Ecological approaches to forestry seek to emulate aspects of natural disturbances like hurricanes which are a common disturbance in longleaf pine forets. This study used airborne lidar to measure patterns of hurricane-created gaps to offer guidance for application of natural disturbance-based management in landscapes dominated by longleaf pine.
Hurricanes are a chronic disturbance to many forests. but currently no study defines hurricane regimes for North America. This study uses hurricane models and long-term data to define four distinct hurricane regimes for the region, and discusses how hurricanes may be a useful lens for understanding the distribution of tree species and their traits.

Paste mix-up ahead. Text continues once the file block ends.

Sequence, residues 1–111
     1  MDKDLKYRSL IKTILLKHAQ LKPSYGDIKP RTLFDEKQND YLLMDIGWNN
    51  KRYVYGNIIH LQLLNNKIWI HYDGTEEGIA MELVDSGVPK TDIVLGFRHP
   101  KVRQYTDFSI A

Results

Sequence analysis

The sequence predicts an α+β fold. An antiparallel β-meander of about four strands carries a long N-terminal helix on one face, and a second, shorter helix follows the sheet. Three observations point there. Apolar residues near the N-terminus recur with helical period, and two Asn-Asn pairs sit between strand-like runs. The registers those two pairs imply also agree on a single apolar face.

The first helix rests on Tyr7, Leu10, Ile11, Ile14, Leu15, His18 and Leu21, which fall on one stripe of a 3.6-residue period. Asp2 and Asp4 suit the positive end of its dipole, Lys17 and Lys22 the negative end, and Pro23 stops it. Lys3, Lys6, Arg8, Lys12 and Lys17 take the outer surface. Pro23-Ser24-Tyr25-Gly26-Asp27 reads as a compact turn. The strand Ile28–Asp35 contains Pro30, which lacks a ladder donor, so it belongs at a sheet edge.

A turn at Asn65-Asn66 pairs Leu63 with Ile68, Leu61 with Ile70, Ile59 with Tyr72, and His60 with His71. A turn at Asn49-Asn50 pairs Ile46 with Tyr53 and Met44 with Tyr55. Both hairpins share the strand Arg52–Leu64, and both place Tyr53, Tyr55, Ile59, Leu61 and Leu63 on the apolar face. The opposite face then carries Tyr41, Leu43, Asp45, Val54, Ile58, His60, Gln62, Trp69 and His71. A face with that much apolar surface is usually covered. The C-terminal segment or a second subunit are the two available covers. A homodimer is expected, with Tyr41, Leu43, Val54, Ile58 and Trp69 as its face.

A new study led by University of Florida and Landscape Ecology lab alumnus Cody Pope was published in the journal Forest Ecology and Management. The study examined growth of longleaf pine and associated oak saplings for 2 years after hurricane Michael, and found that canopy removal may benefit longleaf pine over competing oak species, indicating that hurricanes may reinforce and stabilize longleaf pine dominace in frequent-fire forests.